Every individual’s best response to depression is as different as his or her version of the ailment. I am one of those whose unique combination of depression and other physical and emotional characteristics and components resisted all non-medical interventions until despite my vigorous resistance to the idea of chemical treatment I learned that that was the only useful method for me. Rather than diminishing my sense of self, it allowed me for the very first time in my four-plus decades to experience what I now believe is (and yes, probably always was) my true self. It still required being dedicated to a variety of other forms of non-chemical rehabilitation and therapy; talk therapy, meditation, and my practice of various arts and exercises mentally and physically that please and heal me all contribute to my wellness along with my meds.

I was fortunate in a way that many clinically depressed people are not: I never seriously contemplated committing suicide. I would go so far as to say that I considered it as a rather detached philosophical argument, inwardly, but I never reached the point where I so lost my will to oppose the idea of killing myself that I could let go of all the external reasons not to do so, those messy consequences others would have to undo or survive. If I valued myself so little as to want to be dead, I suppose it could be said that at least this made me think it would be that much worse of me to impose so terribly on those around me for something that wasn’t directly their problem. This sort of tautology clearly says to me that I wasn’t in imminent danger; I was busy arguing myself out of something that I didn’t really have the strength to do anyhow.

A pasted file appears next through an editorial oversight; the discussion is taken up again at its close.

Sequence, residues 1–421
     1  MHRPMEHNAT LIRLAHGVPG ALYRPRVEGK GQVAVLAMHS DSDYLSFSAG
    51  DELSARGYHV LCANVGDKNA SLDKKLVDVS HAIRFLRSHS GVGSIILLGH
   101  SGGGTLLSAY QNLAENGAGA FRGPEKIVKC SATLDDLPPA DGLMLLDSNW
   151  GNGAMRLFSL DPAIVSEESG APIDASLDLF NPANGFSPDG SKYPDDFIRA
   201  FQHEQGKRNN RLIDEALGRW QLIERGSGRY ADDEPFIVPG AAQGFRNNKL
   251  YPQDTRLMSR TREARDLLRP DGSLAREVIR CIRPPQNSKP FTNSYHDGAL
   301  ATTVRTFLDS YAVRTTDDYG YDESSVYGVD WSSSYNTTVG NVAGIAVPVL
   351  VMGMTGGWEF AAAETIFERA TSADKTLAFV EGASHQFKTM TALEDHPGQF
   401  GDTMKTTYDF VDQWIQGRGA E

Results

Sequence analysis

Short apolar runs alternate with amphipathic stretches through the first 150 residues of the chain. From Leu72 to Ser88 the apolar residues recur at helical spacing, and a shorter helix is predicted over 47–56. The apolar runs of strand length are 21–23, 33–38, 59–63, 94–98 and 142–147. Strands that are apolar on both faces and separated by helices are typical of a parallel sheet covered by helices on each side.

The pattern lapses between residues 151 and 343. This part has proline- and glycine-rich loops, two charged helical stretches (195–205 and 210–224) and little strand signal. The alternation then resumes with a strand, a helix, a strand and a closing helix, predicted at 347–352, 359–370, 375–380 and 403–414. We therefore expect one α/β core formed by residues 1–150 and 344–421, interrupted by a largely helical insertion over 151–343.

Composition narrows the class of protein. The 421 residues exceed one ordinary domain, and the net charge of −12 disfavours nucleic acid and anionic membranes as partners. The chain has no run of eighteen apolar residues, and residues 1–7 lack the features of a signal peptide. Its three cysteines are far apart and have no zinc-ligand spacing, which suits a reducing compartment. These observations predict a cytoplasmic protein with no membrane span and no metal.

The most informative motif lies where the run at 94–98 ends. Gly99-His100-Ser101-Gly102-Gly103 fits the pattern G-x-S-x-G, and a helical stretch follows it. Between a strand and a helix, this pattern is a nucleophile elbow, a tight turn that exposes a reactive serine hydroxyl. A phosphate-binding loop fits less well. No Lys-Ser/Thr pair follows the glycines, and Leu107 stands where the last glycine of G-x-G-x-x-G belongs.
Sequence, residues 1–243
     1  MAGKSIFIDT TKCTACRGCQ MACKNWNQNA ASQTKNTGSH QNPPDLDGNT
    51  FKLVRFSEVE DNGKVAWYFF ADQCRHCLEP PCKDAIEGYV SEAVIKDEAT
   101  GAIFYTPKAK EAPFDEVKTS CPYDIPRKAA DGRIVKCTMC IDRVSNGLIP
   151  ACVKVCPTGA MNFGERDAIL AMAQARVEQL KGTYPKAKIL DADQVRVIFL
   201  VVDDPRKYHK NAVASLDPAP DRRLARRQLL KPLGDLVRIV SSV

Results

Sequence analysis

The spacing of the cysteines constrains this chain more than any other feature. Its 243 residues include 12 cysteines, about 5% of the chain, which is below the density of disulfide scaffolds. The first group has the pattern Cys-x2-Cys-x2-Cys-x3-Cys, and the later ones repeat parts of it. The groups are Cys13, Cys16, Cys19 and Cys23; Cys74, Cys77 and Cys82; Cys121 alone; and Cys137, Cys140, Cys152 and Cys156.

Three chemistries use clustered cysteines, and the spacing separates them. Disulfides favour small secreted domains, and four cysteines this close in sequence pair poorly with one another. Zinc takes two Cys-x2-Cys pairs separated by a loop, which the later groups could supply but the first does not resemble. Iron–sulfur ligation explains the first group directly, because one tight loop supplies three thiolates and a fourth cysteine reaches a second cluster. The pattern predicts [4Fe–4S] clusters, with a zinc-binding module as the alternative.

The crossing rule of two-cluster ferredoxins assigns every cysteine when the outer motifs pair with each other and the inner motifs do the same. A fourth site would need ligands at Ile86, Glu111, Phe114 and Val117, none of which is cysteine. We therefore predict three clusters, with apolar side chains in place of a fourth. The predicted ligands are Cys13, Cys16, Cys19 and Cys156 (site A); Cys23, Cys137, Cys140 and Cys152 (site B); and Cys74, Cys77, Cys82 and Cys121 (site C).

What I didn’t recognize in the midst of all of this soliloquizing was that I was committing a form of suicide, if an invisible one. True, there would be no stinking remains turning into human soap and sliming the rubber gloves of some poor janitor, no internecine paperwork to be sorted by attorneys and opportunists. But the burden on the world around me would have been just as heavy, the struggle of my loved ones just as inexorable, if I hadn’t rather literally stumbled into the intervening care that brought me to this lovely resolution where I find myself dwelling so comfortably today. Because, in my depressive brain fog and fear and self-loathing and ennui, I was rapidly forgetting how to be alive. It’s quite possible, I discovered, to die without stopping breathing, without even losing all conscious thought. A walking coma, an animate death is entirely possible in the midst of true depression.

And for that reason, I am all the more grateful that by virtue of being surrounded by people who helped to guide me in that direction, combined with being blessed, lucky, fortunate, or whatever combination thereof you prefer to name it, after my years in the dark I fell into the combination of elements that conferred a kind of wellness on me that I’d never known before. I am among you today not just as a happy and contented person, full of gratitude and amazement at what a good life I have, but also as a testament to the unfathomable differences and distances between existing and living, between something indescribably yet terribly akin to sleepwalking through life and waking up every day a little bit more…alive.

The Early Bird Gets the Worm (But Don’t Waste Your Pity on the Late Bird)